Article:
Ambac LTIP Metric. The metric used to judge performance at Ambac for LTIP awards granted in March 2017 is Cumulative EBITDA over the Performance Period. Ambac’s "Cumulative EBITDA" means Ambac’s earnings before interest, taxes, depreciation, amortization, and non-controlling interests (as determined under GAAP) for the Performance Period. The choice of the Cumulative EBITDA metric is intended to reward participants on generating income from all of Ambac's subsidiaries excluding AAC and existing AAC subsidiaries.
The following table sets forth the percentage of the Ambac LTIP Target Award that each of our NEOs could earn under the 2017 LTIP awards based on the Cumulative EBITDA achieved over the Performance Period, determined as of the last day of the Performance Period.
Ambac’s Cumulative EBITDA ($ in millions) (1)
Percentage of Ambac LTIP
Target Award Earned
$19.0
200%
$16.0
150%
$13.0
125%
$6.0
100%
$3.0
50%
$0
0%
(1)    Linear interpolation between levels of Cumulative EBITDA will result in a proportionate amount of the Ambac LTIP Target Award becoming earned and vested.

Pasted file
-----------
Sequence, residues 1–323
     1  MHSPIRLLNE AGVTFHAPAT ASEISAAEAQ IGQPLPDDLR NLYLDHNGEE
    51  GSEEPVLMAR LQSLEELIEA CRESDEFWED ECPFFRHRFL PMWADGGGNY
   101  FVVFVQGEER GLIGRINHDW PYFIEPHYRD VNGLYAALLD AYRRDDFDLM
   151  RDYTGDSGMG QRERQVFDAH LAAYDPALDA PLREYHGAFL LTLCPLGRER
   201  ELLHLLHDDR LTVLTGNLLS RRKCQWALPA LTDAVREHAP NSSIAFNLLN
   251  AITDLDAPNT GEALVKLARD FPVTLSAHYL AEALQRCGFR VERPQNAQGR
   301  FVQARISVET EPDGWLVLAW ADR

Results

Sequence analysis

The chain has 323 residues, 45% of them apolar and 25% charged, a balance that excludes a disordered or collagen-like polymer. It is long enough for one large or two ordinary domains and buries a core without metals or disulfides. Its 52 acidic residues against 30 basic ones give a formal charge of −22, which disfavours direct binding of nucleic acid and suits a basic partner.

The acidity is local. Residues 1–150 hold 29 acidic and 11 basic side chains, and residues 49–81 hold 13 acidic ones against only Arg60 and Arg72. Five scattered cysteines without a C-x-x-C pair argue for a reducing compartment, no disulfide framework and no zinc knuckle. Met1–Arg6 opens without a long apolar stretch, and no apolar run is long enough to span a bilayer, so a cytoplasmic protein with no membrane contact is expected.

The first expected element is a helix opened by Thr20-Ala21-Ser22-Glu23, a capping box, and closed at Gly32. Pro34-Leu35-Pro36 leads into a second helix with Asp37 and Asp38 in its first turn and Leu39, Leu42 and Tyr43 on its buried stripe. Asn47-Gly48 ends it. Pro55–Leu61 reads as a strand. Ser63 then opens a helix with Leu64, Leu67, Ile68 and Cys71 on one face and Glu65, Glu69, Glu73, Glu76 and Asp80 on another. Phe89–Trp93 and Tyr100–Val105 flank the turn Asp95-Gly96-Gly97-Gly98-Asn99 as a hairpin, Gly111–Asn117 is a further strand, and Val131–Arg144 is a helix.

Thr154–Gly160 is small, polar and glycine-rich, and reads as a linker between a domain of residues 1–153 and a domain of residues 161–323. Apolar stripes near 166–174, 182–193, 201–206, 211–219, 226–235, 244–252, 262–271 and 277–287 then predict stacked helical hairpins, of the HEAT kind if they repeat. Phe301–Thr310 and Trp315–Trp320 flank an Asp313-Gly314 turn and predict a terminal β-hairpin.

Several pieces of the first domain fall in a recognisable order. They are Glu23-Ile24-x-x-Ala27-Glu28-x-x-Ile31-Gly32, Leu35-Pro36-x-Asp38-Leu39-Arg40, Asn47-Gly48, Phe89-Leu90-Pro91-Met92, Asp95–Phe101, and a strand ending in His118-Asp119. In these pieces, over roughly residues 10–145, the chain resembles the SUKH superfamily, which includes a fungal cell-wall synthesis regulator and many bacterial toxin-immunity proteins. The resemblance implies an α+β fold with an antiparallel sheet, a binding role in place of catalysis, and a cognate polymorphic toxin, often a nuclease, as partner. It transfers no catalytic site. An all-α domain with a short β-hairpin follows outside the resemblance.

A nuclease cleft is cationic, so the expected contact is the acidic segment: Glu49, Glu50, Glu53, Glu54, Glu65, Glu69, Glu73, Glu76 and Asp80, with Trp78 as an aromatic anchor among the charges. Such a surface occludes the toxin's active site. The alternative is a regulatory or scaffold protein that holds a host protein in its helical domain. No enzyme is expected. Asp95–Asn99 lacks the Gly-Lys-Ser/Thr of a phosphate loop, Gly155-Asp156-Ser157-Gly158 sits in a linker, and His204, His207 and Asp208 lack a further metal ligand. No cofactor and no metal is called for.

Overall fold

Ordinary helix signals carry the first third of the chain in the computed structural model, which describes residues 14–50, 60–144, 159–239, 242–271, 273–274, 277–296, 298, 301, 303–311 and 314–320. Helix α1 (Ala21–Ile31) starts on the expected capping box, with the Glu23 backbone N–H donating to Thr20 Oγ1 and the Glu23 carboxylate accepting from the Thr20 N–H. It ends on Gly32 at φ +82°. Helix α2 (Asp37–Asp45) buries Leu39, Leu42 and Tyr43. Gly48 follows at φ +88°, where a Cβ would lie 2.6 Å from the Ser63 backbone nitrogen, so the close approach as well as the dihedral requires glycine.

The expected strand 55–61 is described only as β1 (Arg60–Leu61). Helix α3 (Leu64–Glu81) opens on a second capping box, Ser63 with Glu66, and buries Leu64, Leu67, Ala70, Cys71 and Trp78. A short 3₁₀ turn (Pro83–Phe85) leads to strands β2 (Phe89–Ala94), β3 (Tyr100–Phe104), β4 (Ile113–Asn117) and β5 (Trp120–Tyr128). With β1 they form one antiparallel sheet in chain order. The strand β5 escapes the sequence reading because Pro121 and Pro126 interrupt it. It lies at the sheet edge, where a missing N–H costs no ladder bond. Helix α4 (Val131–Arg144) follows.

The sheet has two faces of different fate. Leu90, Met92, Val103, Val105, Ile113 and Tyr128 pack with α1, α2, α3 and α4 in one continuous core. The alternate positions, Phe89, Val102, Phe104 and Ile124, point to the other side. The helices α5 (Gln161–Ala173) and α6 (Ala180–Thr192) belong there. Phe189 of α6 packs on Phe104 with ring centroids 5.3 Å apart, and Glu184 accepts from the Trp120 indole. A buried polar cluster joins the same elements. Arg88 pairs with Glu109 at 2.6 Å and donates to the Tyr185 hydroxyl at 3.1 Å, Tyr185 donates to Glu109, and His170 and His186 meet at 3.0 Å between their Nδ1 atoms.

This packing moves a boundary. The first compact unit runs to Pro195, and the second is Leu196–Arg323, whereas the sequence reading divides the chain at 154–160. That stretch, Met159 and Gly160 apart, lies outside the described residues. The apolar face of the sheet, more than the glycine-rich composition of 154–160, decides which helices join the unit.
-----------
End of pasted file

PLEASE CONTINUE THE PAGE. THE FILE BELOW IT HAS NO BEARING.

Following the end of the Performance Period, the Compensation Committee will determine the extent to which each participant’s LTIP award has been earned and the amount payable. The Compensation Committee may in the exercise of its discretion reduce the amount of any LTIP award that otherwise would have been earned based on the satisfaction of the performance metrics, but may not increase the size of any LTIP award.
The purpose of the LTIP awards is to further align the long-term interests of our NEOs with those of our stockholders. We believe we have achieved this by making the vesting of the LTIP awards conditional upon Ambac and AAC achieving certain milestones that the Company believes will have a positive effect on the future value of our common stock. In addition, the ultimate value of the PSUs directly depends on the value of our common stock at the time of vesting. Each individual who receives a PSU becomes, economically, a long-term stockholder of the Company, with the same interests as our other stockholders. As a result, we believe our NEOs have a demonstrable and significant interest in increasing stockholder value over the long term.


Ambac Financial Group, Inc. |     41     | 2018 Proxy Statement


Table of Contents

Compensation for Each of Our Named Executive Officers in 2017
Our Chief Executive Officer